NCSE Evolution Education Update for 2011/06/24
(by NCSE Deputy Director Glenn Branch)
Dear Friends of NCSE, A new batch of videos on NCSE's YouTube channel and a preview of Francisco J. Ayala's Am I a Monkey? And a pair of antievolution bills looms on the horizon in the Granite State.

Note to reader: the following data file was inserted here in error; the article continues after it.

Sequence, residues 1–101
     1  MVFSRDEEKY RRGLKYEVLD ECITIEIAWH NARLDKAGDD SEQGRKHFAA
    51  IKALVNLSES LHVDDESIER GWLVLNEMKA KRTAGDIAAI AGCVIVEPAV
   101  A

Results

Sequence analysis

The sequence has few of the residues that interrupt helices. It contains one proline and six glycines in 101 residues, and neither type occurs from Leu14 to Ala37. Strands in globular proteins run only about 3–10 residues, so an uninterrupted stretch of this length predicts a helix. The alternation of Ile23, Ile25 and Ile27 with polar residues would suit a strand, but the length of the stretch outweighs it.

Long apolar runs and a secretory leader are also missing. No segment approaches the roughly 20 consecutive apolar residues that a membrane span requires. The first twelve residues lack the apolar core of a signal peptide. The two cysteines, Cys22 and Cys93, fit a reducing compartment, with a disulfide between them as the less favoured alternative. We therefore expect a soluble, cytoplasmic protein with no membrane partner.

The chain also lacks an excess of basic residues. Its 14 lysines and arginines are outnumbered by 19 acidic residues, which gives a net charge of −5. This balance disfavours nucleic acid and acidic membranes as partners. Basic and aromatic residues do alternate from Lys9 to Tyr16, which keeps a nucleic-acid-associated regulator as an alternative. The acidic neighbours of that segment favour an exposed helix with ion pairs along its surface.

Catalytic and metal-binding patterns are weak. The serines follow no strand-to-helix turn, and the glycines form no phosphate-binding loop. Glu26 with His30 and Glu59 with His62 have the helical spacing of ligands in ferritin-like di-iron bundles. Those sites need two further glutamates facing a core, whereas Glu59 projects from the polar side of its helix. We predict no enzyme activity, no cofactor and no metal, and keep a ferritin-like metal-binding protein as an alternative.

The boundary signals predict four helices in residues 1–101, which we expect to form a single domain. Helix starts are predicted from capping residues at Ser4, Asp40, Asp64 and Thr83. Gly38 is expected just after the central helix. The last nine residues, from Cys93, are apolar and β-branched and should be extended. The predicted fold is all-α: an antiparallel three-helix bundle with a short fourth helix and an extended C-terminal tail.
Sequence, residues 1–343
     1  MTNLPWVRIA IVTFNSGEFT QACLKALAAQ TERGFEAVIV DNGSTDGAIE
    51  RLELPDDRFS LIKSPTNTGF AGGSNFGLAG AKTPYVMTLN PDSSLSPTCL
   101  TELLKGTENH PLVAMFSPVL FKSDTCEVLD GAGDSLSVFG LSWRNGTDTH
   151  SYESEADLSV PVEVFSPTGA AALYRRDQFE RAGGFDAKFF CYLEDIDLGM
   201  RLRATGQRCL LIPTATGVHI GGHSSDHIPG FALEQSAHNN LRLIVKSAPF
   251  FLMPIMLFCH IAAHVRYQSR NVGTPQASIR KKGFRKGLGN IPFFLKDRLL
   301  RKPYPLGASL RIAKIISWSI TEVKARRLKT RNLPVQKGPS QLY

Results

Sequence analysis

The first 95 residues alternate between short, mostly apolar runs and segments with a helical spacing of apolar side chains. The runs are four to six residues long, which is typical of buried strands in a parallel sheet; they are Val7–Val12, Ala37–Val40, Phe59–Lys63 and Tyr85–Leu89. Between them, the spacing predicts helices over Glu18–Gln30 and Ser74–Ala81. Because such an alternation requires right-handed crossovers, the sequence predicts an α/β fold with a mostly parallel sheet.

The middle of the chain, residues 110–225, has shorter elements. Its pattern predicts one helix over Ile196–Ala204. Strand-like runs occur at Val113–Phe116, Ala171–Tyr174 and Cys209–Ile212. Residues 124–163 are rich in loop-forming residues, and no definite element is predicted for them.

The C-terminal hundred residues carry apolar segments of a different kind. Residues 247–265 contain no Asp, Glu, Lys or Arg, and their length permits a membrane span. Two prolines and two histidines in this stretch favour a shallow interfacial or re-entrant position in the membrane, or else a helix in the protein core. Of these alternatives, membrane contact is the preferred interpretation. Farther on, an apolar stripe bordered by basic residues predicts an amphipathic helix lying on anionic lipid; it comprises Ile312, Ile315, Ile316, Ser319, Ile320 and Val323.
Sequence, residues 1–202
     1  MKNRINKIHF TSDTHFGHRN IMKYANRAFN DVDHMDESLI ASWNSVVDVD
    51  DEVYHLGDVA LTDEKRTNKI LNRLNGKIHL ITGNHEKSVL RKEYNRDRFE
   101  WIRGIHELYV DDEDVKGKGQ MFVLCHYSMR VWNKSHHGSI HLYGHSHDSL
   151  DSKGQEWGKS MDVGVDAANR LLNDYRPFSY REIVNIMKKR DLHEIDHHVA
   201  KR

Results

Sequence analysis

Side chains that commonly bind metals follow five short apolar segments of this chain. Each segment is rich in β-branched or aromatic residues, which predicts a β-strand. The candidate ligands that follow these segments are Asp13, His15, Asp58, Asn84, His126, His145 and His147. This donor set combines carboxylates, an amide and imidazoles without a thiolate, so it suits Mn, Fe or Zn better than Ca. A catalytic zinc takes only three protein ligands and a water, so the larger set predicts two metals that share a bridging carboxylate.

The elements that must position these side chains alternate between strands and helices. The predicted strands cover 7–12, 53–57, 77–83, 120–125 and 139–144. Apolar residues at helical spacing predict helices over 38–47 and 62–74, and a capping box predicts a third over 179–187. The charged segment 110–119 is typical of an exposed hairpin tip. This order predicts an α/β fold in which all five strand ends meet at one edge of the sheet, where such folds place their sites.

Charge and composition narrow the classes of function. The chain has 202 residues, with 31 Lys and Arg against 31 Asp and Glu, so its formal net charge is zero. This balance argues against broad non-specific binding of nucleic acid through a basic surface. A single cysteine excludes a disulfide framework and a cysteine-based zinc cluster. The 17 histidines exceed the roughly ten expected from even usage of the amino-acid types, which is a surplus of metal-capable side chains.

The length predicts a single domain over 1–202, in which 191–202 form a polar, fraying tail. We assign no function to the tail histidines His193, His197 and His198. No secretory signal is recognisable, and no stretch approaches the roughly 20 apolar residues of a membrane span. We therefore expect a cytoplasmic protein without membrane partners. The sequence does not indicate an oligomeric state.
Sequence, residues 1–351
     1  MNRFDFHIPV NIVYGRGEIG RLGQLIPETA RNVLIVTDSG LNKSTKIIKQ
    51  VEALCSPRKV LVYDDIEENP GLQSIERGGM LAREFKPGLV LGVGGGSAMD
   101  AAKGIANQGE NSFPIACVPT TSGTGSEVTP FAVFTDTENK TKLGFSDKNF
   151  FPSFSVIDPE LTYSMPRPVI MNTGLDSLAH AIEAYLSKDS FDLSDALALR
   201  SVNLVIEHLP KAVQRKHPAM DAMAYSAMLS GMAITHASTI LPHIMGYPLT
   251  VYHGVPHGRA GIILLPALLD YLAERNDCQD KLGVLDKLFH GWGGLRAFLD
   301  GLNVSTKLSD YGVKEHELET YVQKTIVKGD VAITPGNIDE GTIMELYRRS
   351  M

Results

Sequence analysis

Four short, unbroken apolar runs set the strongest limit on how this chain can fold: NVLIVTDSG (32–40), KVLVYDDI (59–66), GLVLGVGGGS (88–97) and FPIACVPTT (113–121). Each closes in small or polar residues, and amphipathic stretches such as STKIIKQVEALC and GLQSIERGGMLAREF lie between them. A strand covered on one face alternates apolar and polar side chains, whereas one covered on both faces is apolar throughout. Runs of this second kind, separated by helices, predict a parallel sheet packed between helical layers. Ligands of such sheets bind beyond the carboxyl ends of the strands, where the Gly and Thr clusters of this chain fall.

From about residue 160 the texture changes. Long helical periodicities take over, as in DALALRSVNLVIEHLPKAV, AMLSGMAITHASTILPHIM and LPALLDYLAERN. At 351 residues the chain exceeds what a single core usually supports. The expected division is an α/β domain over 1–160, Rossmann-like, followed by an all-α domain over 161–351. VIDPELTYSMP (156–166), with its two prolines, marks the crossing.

VIDEOS, VIDEOS, VIDEOS NCSE is pleased to announce the addition of a further batch of videos to NCSE's YouTube channel -- bringing the total number of videos available there to over two hundred! Featured is NCSE's executive director Eugenie C. Scott, explaining "Why evolution is difficult" at the QED conference in Manchester in 2011 and again at the Orange County Freethought Alliance Conference in Irvine, California, in 2011. And departing from the creationism/evolution controversy for a change, Scott discusses "Bigfoot and other wild men of the forest" for "Ask a Scientist" in San Francisco in 2009. From NCSE's staff, Joshua Rosenau discusses "Controversies, scientific and otherwise" at the University of West Virginia in 2011, and Scott, Rosenau, and Glenn Branch team up to address "Creationism vs. evolution ... and global warming: An update" for the SkeptiCal conference in Berkeley, California, in 2011. "The story of NCSE," produced in 2001, celebrates a grant awarded to NCSE by Working Assets/Credo Mobile, the telephone company established "to give people an easy way to make a difference in the world, just by doing the things they do every day." And from NCSE's Supporters and friends, there's Niles Eldredge -- NCSE Supporter and recipient of NCSE's Friend of Darwin award for 2011 -- presenting "The case for evolution" (in two parts) at Hillsdale College in 2002, and footage (in three parts) from the 2011 rally in Baton Rouge organized by Zack Kopplin in support of the effort to repeal Louisiana's antievolution law enacted in 2008. Is it any wonder that NCSE's YouTube channel is consistently in the top fifty most-viewed and most-subscribed non-profit channels? Tune in and enjoy! For NCSE's YouTube channel, visit: http://www.youtube.com/NatCen4ScienceEd A PREVIEW OF AM I A MONKEY? NCSE is pleased to offer a free preview of Francisco J. Ayala's Am I a Monkey? Six Big Questions about Evolution (The Johns Hopkins University Press, 2010). In the excerpt, Ayala addresses the title question, writing, "I am a primate. Monkeys are primates, but humans are not monkeys. Primates include monkeys, apes, and humans. Humans are more closely related by descent to apes than to monkeys. That is, the apes are our first cousins, so to speak, while the monkeys are our second or third cousins," before proceeding to review the evidence -- from comparative anatomy, the fossil record, and comparisons of DNA -- for the common ancestry of the primates. Ayala, a Supporter of NCSE, was awarded the National Medal of Science in 2001. Reviewing Am I a Monkey? for RNCSE, Joel W. Martin wrote, "The book is well-written, accurate, and concise, and it covers the main points of biological evolution likely to be questioned by non-specialists. More importantly, it is accessible and easy to digest for the audience for whom it is written. Because of that strength, I suspect that it will, in the long run, play a larger role in promoting the acceptance of evolution than so many contemporary but longer and more detailed treatises." For the preview (PDF), visit: http://ncse.com/files/pub/evolution/Excerpt--monkey.pdf For information on the book from its publisher, visit: http://jhupbooks.press.jhu.edu/ecom/MasterServlet/GetItemDetailsHandler?iN=9780801897542&qty=1&source=2&viewMode=3 For Martin's review in RNCSE, visit: http://reports.ncse.com/index.php/rncse/article/view/8/8 ANTIEVOLUTION BILLS ON THE NEW HAMPSHIRE HORIZON Antievolution bills are on the horizon in New Hampshire. Included on a list of legislative service requests dated June 14, 2011, are two requests to have antievolution bills drafted for the 2012 legislative session. LSR 2012-H-2176-R, submitted by Jerry Bergevin (R-District 17), asks for a bill "requiring the teaching of evolution in public schools as a theory"; LSR 2012-H-2320-R, submitted by Gary Hopper (R-District 7), asks for a bill "requiring instruction in intelligent design in the public schools." No bills mentioning evolution or "creation science" or "intelligent design" have been introduced in the New Hampshire legislature from 1989 to 2011. For what it's worth, in the recent Miss USA pageant -- in which competitors were asked, "Should evolution be taught in schools?” -- Miss New Hampshire endorsed teaching evolution but added, "it shouldn't be the only point of view taught." For a discussion of the range of answers, see the report on USA Today's Faith & Reason blog (June 20, 2011). For the list of legislative service requests, visit: http://www.gencourt.state.nh.us/ols/nhlegislativelsrlisting.pdf For the Faith & Reason blog post, visit: http://content.usatoday.com/communities/Religion/post/2011/06/miss-usa-california-campanella-science/1 Thanks for reading! And don't forget to visit NCSE's website -- http://ncse.com -- where you can always find the latest news on evolution education and threats to it. -- Sincerely, Glenn Branch Deputy Director National Center for Science Education, Inc. 420 40th Street, Suite 2 Oakland, CA 94609-2509 510-601-7203 x305 fax: 510-601-7204 800-290-6006 email@example.com http://ncse.com Read Reports of the NCSE on-line: http://reports.ncse.com Subscribe to NCSE's free weekly e-newsletter: http://groups.google.com/group/ncse-news NCSE is on Facebook, YouTube, and Twitter: http://www.facebook.com/evolution.ncse http://www.youtube.com/NatCen4ScienceEd http://twitter.com/ncse NCSE's work is supported by its members. 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